How Long Does Depression Last?
Depression is one of the most prevalent mental health problems today, with an estimated 5% of adults worldwide suffering from this condition. As mental health issues gained more attention in recent years, people became more familiar with what depression meant, including its most basic symptoms. However, despite the characteristic signs of the illness, depression is still different for everyone who struggles with it. For instance, you may ask, “How long does depression last?” and the answer would vary.
Here, we’ll go more in-depth on how long depression typically lasts, different types, and how you can feel better if you are going through this illness.
How Long Does Depression Typically Last?
Depression typically lasts for at least two weeks, with diagnosed individuals exhibiting at least five depression symptoms once a day within that time frame [*]. Some of these symptoms include showing less interest in activities that used to be enjoyable, frequent feelings of sadness or hopelessness, mood swings, disturbance in sleep patterns, changes in appetite, withdrawal from loved ones, and anxiety.
However, how long depression can last after these initial two weeks will vary drastically from person to person. This will change depending on various factors, including the type of depressive disorder they have and whether they are receiving some form of treatment. Depression can also be highly recurrent, and people may experience anywhere from one episode to several in their lifetimes.
Factors Influencing Depression Duration
Several factors can influence depression duration, including the following:
- Type of depression
- Genetics (a family history of depression or other mental illnesses)
- The presence of other mental health problems (e.g., anxiety)
- Physical health problems
- Stressful life events
- Lack of emotional support
- Environmental circumstances
- Experience of trauma
Typical Duration of Different Types of Depression
There are different types of depression, and each may vary in how long they typically last.
- Acute Depressive Episodes. Acute depression — also known as major depressive disorder (MDD), clinical depression, or unipolar depression — is characterized by intense feelings of sadness and can last anywhere from a few weeks to several years.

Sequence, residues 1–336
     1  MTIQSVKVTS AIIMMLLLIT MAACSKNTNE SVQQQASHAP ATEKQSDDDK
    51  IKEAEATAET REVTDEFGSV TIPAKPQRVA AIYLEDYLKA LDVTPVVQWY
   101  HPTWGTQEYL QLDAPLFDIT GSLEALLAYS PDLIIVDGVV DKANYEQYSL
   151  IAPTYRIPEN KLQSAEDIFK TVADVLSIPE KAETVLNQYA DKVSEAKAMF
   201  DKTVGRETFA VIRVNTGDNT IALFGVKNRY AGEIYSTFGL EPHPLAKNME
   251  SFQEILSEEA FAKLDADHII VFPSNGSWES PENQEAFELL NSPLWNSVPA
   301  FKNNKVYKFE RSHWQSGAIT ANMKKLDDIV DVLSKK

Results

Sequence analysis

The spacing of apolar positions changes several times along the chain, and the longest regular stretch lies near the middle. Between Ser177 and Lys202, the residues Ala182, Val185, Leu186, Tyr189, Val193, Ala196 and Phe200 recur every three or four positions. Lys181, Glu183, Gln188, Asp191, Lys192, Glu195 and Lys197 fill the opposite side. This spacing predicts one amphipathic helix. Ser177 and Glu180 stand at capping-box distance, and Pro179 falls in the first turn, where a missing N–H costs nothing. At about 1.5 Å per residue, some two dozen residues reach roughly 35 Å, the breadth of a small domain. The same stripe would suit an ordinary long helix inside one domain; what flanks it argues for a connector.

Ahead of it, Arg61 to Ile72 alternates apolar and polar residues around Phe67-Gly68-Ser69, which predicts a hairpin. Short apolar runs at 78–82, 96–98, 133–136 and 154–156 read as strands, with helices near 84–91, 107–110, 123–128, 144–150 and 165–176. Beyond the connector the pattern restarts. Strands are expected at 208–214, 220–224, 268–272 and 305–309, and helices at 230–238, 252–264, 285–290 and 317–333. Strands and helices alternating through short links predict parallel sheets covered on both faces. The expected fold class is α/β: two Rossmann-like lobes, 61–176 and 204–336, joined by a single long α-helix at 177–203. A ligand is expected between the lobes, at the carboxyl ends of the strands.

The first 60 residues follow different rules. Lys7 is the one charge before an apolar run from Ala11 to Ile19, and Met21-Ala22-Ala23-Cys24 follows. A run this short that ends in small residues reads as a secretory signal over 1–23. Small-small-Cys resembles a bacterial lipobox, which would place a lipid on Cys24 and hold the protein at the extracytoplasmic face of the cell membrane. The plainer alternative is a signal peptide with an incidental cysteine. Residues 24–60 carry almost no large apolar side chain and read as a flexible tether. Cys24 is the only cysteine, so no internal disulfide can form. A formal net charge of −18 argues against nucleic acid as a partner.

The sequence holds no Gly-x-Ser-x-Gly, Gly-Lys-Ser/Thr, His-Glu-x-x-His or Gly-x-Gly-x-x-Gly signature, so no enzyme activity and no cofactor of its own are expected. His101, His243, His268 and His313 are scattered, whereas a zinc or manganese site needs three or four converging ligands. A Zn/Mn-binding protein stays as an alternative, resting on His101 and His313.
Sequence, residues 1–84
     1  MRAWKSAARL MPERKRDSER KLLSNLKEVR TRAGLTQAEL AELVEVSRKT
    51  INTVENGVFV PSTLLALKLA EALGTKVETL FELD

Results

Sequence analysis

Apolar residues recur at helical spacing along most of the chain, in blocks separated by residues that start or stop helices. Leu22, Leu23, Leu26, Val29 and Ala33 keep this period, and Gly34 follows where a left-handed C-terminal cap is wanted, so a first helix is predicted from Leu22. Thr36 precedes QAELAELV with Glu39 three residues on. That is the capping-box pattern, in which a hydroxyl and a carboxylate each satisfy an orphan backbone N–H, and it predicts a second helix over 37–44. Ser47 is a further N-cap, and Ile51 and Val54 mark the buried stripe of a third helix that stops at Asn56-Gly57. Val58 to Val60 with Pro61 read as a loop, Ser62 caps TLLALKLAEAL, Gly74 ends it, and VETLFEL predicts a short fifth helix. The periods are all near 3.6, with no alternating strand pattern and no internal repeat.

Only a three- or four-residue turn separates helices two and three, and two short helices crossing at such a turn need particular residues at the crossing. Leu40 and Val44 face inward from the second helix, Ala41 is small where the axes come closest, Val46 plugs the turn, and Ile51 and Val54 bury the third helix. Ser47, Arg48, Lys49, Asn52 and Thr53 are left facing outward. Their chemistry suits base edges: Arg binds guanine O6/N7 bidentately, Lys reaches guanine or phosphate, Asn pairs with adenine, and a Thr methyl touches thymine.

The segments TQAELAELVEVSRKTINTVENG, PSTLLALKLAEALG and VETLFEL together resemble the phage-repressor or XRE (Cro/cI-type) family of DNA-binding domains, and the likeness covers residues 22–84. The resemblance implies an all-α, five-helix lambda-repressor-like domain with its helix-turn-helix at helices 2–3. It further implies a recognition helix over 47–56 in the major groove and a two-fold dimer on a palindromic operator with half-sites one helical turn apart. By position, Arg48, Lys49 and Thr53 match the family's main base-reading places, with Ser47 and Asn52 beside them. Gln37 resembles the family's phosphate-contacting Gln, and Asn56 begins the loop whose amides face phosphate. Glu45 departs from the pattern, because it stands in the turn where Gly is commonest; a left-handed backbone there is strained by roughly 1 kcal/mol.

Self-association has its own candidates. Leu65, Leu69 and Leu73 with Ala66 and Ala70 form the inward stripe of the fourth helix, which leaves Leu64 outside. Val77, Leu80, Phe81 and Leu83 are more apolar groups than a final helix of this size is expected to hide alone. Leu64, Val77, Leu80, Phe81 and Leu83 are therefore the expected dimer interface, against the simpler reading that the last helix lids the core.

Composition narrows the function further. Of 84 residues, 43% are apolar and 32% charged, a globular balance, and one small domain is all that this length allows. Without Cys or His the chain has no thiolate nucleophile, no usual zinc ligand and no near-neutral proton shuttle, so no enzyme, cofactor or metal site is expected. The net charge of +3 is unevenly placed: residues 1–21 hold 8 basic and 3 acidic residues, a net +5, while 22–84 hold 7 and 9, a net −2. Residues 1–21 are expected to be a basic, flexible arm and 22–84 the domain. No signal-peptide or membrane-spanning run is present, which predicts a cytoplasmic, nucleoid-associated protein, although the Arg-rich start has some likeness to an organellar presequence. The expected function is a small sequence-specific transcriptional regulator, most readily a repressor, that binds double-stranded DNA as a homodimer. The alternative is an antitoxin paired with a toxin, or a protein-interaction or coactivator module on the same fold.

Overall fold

- Recurrent Depressive Disorder. Also known as recurrent depression, recurrent depressive disorder is when you experience repeated episodes of depression that come and go over time. People with this type of depression usually feel stable and well between episodes. There is a subtype of this depression called recurrent brief depression, in which individuals experience short-term depressive episodes that last for two to seven days [*].
- Chronic Depression. Chronic depression is often called persistent depressive disorder (PDD) or dysthymia. This type of depression lasts for at least two years but can continue for longer. It is the only form of depression where symptoms last this long. The most significant difference between PDD and MDD is how long symptoms last.
- Seasonal Affective Disorder. Seasonal affective disorder (SAD) is associated with the production of more melatonin in our bodies during months of the year when days are shorter with less sunlight. This can result in symptoms of depression, but the depression timeline here is highly dependent on the time of year and not on other factors.
Signs of Prolonged Depression
For some people, depression may occur only once in their lifetime. However, most people will typically have multiple episodes throughout their life. During depressive episodes, symptoms occur nearly every day and may include the following:
- Feelings of intense sadness, worthlessness, or hopelessness
- Irritability or agitation